Kiwi UFC champion Israel Adesanya has opened up once more about the racism he has faced while living in New Zealand.
The Nigerian-born MMA fighter told the Daily Telegraph it’s something he’s dealt with ever since he was a child.
"I really didn't realise me being Black was a problem, until I got to New Zealand," Adesanya said.
"My first week in school, there was a kid who was being a dick to me. He lived down the road. He kept riding by my house with his friend telling me, 'Go back to your own country, Black.'
"I didn't understand it. It was so foreign. I didn't even know this guy, Why was he being so mean to me?"
Adesanya said the abuse led him to fight the bully.
"That next week at school, he came up to me after interval and pushed me to the ground, and I lost my s***.
"I beat him up, from D block to K block. I beat him up for about a minute and a half, and I was crying while I was whooping his ass. Then I ran away and went to hide. It was a pretty traumatic experience for myself.
"I just didn't understand, why are you being mean to me because of the colour of my skin? I still can't fathom it because I'm not of that creed."
The interview comes after Adesanya decided to speak at a Black Lives Matter rally in Auckland back in June, saying it was heart-breaking to see Black people being killed by cops in the US but racism was also a problem in New Zealand.
"I just moved to a spot in Remuera. I'm at the top floor," Adesanya said at the time in his speech.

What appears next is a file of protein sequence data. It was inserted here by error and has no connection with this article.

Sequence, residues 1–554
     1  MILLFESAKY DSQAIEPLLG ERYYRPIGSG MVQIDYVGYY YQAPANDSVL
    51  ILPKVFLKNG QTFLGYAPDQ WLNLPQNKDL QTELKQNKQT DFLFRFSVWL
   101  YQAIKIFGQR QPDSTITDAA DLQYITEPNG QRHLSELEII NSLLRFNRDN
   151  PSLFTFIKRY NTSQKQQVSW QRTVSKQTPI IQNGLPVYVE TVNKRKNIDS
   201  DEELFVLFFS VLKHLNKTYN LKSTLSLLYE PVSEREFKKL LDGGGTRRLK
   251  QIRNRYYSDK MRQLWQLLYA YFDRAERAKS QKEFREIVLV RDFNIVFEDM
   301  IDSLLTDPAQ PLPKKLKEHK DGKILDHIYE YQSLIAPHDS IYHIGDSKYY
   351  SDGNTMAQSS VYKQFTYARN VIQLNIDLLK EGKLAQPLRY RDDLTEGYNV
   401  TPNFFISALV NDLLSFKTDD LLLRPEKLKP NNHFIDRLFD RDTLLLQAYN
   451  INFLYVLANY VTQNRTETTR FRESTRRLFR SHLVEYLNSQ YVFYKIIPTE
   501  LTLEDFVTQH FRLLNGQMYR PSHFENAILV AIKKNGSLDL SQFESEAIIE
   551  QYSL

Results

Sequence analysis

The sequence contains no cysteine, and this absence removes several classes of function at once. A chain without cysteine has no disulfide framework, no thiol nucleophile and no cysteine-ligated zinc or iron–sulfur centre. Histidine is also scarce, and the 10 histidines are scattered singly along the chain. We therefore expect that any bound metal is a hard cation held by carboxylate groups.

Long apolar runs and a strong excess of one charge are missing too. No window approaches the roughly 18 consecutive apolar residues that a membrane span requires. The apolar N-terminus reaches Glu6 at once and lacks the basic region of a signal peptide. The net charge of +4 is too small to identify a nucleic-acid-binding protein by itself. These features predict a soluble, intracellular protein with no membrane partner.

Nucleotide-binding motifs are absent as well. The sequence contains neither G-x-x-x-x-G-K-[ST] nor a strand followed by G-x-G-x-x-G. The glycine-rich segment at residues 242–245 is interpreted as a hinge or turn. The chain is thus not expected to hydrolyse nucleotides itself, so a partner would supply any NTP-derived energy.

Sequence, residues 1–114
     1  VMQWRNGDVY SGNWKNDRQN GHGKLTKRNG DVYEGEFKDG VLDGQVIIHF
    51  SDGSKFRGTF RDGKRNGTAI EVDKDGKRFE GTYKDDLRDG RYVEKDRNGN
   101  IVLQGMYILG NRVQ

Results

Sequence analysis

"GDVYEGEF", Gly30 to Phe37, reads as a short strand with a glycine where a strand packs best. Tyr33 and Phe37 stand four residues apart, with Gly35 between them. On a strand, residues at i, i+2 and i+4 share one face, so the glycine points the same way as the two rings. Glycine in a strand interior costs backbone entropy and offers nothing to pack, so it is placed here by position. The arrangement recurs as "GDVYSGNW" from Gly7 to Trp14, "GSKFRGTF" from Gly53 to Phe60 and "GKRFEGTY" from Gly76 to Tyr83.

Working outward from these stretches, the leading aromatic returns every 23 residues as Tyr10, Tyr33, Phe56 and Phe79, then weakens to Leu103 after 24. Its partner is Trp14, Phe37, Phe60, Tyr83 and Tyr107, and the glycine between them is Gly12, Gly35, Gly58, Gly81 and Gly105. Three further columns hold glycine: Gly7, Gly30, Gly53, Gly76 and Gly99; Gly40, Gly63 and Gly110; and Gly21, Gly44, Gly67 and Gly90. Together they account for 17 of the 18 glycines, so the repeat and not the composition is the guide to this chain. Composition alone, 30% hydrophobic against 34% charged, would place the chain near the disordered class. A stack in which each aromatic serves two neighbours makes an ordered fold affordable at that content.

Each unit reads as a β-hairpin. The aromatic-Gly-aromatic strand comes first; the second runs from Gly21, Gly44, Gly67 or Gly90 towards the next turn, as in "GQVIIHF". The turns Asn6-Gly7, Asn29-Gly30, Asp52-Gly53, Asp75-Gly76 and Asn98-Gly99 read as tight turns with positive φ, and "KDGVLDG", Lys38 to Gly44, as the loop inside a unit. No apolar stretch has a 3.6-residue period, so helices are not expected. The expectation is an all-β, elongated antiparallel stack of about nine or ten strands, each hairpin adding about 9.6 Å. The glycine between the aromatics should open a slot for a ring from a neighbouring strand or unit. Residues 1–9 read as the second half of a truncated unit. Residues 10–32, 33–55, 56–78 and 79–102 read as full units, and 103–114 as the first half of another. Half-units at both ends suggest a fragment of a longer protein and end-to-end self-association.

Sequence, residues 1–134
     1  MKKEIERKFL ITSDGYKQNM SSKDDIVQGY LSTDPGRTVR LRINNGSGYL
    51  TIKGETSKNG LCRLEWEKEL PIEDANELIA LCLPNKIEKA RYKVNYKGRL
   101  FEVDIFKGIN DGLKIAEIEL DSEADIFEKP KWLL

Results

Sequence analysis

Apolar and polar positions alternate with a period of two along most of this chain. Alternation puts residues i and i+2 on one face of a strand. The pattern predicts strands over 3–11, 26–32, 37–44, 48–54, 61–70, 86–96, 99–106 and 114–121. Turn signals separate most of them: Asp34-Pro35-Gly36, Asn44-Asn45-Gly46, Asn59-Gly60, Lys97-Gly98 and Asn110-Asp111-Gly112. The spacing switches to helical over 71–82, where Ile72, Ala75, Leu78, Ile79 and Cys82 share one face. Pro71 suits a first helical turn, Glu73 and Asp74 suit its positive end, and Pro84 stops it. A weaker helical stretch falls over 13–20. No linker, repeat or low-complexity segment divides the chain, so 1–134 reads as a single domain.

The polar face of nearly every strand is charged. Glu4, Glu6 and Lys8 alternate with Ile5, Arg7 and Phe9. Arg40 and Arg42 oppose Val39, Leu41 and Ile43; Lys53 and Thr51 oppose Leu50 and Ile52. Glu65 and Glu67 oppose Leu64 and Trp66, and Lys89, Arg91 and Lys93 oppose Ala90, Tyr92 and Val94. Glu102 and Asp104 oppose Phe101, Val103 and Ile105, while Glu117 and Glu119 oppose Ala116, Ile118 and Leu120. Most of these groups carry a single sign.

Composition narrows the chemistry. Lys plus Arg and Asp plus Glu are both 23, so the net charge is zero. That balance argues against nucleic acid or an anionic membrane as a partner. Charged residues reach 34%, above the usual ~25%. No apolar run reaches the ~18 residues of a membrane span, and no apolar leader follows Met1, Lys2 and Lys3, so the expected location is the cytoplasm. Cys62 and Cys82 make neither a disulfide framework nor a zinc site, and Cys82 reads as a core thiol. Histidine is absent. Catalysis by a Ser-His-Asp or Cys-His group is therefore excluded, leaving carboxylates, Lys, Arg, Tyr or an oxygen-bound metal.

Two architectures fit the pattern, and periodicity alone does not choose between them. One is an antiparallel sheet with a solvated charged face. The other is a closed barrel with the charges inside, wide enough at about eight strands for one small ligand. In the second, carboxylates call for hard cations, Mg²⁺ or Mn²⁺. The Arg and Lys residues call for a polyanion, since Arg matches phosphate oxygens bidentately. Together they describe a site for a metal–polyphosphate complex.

“I have to go in an elevator. Three times already I've had to have racist, scared, white people jump when they see me, and I smile at them.
"So now I have got to stay to the side and let them walk through just so they don't get scared when they see me. Why? Because I'm Black."
On reflection, Adesanya said he’s “proud” of what he said but is frustrated little has come from the movement.
"Like Jay Z said, 'I'm past kneeling.' There's no point in bringing awareness no more. What we need is for the world to change. Talk to the lawmakers, the councilmen, the mayors, your own city, your own town, your own city, and demand change from whatever you feel is wrong.
"I'm doing my best to make change in my own world. I can't change the world, but I can change the world around me, and I think people should try to do that because it's a shame to see what's happening to Black people all around the world."
Despite his passionate thoughts and actions towards racism, though, Adesanya doesn’t see himself as an activist.
"I'm still human. I'm me and I'm still figuring out my own self.
"I feel like people look at me from a political view. I'm like, 'Bro, I'm not the person to be looking at for political takes.' I'm a fighter who has something to say because of what's happening in the world, but I'm not your councilman.
"Go to those legislators and leaders in your town, to get your point across.
"I'm just a regular dude doing extra regular s***. And I'm doing it very well.
"But I'm still the dude who walks around bare foot in West Auckland, walking his dogs through the mud.
"I'm still that guy with his headphones on at Pak'nSave trying to get my shopping done without having 20 people asking for photos."